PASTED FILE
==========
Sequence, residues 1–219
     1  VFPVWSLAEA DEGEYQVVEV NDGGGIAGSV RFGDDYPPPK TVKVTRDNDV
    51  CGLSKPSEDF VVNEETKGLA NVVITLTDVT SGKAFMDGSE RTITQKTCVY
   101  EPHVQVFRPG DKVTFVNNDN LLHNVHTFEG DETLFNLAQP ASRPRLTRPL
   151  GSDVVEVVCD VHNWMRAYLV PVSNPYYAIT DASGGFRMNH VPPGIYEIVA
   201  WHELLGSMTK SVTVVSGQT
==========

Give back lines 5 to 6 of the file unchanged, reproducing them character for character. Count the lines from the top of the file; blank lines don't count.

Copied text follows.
   151  GSDVVEVVCD VHNWMRAYLV PVSNPYYAIT DASGGFRMNH VPPGIYEIVA
   201  WHELLGSMTK SVTVVSGQT